Impromptu interviews with the great people I meet on my travels are always some of my favourites, so getting a chance to set up a last-minute chat with Andrew – better known as ‘Chink the Barber’ – while he was in England for the Great British Barber Bash was a real treat. Chink is known for the work that he does at Saint Barbershop with his good friend Famos, and he’s got some great stories to share, so let’s get stuck in!
It’s fair to say that Chink is a reasonably unusual choice of barbering alias, so I wondered where it came from: it’s actually something that Andrew used to hear at school from kids who would make fun of him. After getting into some criminal circles and realising that he needed to adopt a nickname, he decided to reclaim the name, and it’s stuck with him throughout his barbering career.
It was actually this slip into criminal activity and drug dealing that led Chink into barbering, as he realised that he needed to do something differently and make a positive change: “I got arrested and hit rock bottom, I was a drug addict, I made no money anymore. Then Scott – Famos – was cutting my hair and I would stick around, taking an interest in how he was doing hair tattoos. I used to do graffiti so there was a similarity there. Then one day he was putting a Famous Stars & Straps logo in a cut and got me to help him out, then let me try out straight blading on the next guy and it was really cool. So, the very next day I went to hair school and got myself a qualification.”
No doubt, then that Famos has been a huge influence on Chink, and Saint is the third barbershop that they’ve worked at together. However, their relationship has evolved, not only into a great friendship but also a working partnership where they can teach one and other new skills, share information and critique each other’s work.
The first shop that saw Famos and Chink working as partners in crime was the wonderful Notorious. Chink tells me all about his work there: “one of the reasons that I worked there was because I was addicted to drugs; they treated me good and I beat my addiction. The money was good, we went from having 4-6 clients each day to having people just buzzing around us.” From what I’ve seen, Notorious seems to be as much a lifestyle hotspot as it is a barbering destination, and Chink confirms that this is the case; it’s a shop with a unique atmosphere.
The same, though, can also be said for Saint, which is a one-of-a-kind barbershop that brings together a great band of barbers. It’s a little different to a lot of other similar shops, as Chink tells me: “Here I control my own clientele, there are more responsibilities and it’s different, but it’s nicer. I can do what I want now”. Famos adds that “everywhere I’ve worked did commission, and I wanted to make it easier for the barbers. When barbers pay chair rent it’s just easier for everyone, and the barbers make more money.” As Chink adds, the one caveat to that is that if you’re going for chair rent rather than commission or a salary, you need to have a strong customer base that will keep you busy!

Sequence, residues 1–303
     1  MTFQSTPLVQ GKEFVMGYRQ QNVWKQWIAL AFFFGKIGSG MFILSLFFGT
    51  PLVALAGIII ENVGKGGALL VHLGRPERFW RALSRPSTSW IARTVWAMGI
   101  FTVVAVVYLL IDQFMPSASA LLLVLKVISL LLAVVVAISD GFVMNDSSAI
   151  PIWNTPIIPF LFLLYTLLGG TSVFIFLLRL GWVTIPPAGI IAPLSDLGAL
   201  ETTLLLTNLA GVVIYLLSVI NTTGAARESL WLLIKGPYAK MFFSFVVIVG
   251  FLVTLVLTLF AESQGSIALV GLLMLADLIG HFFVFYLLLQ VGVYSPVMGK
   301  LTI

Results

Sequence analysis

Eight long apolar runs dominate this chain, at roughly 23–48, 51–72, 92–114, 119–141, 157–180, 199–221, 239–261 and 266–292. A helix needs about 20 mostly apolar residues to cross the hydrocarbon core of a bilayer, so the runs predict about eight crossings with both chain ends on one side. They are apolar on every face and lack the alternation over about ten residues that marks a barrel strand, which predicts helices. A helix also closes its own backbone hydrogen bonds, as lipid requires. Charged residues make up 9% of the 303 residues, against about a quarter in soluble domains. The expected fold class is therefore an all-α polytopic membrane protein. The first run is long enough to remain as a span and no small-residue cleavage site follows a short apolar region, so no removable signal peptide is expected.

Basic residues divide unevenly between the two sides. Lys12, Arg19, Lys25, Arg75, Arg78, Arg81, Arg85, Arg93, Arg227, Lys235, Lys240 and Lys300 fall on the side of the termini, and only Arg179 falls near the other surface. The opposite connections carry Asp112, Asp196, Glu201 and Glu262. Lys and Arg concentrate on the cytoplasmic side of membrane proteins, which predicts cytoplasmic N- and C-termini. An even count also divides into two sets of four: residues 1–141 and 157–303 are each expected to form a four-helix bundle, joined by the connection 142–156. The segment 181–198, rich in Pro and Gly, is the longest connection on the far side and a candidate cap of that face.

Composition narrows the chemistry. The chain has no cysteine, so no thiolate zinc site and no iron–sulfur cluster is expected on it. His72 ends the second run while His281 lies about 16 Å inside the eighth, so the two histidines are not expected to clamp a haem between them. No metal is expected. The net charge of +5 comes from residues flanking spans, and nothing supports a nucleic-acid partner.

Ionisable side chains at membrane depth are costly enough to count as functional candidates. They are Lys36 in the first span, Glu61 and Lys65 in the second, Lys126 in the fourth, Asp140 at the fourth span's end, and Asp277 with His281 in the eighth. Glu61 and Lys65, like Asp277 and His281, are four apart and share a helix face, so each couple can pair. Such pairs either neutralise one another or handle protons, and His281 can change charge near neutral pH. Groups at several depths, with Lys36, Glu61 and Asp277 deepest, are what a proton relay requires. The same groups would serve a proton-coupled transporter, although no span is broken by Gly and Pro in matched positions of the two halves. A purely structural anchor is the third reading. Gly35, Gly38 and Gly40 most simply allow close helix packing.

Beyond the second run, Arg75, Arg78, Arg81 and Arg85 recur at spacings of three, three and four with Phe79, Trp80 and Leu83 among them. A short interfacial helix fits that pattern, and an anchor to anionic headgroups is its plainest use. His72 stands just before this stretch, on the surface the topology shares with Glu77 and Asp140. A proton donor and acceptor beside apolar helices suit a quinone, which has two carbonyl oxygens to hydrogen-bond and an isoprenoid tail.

It seems to me that Chink has been reaping the rewards of all the hard work that he put into becoming a barber: this trip to England for the Great British Barber Bash was his first stage performance, and it’s a great opportunity that shows the respect that his work has been earning him. It was great to have International barbers over for the event, and these boys brought a whole new vibe to the atmosphere that was great to experience.
Of course, it wasn’t without a little bit of stage fright – and I wondered how Chink got over his nerves and took to the stage: “There were definite nerves, a little bit of gut rot, but it was good man, I started cutting away and then the butterflies just started going away. I’m not saying a lot of people were there to see me, but it was nice having people there watching me and taking photos – I’ve collected a lot of Instagram and it was a blessing. Once you’re up there you have no choice so you just do it.”
It’s inspiring to see another positive story where barbering has changed somebody’s life; as Chink says, it has brought him to England and given him the chance to work with great people like Darren Jones, and to meet inspiring barbers like Alan and Reece Beak. I’m also glad to hear that Chink takes inspiration from these British barbers. In fact, when I ask him what one change he’d like to see in the industry, he heaps praise on British barbering: “I’d like to see more British style barbering in America and Canada. The softer, textured haircuts that are longer-lasting and grow out well”.
Chink has been picking up more and more traction and he even has a new hoodie coming out, not only branded with his personal barbering brand, but featuring a wonderful graffiti style portrait of Chink himself, created by one of Saint’s regulars. With this in mind, I wonder where he sees himself in five years: “To be honest the last thing I want to do is own a barbershop – I see the stress that Scott goes through. I’m always going to cut hair though, I have no retirement plan. No barber does, I’ll just be cutting hair!”
Before letting Chink go, there’s just one more thing I have to know: how does he manage to smash out so many great haircuts, sometimes as many as 22 in a day? Perhaps unsurprisingly it all comes down to the Oster ’76 (or the ’97 for UK barbers). “One word of advice to all barbers, get the Oster ’76 or ’97. I’ve never regretted having one”.
I’ll leave you with those final words of clippering wisdom! All that’s left to say is thankyou to Chink for agreeing to a last minute interview, to Famos for joining us, and to all of you for reading this and hopefully learning something – come find me on YouTube, Instagram and Facebook if you want to be the first to see even more great barbering interviews.
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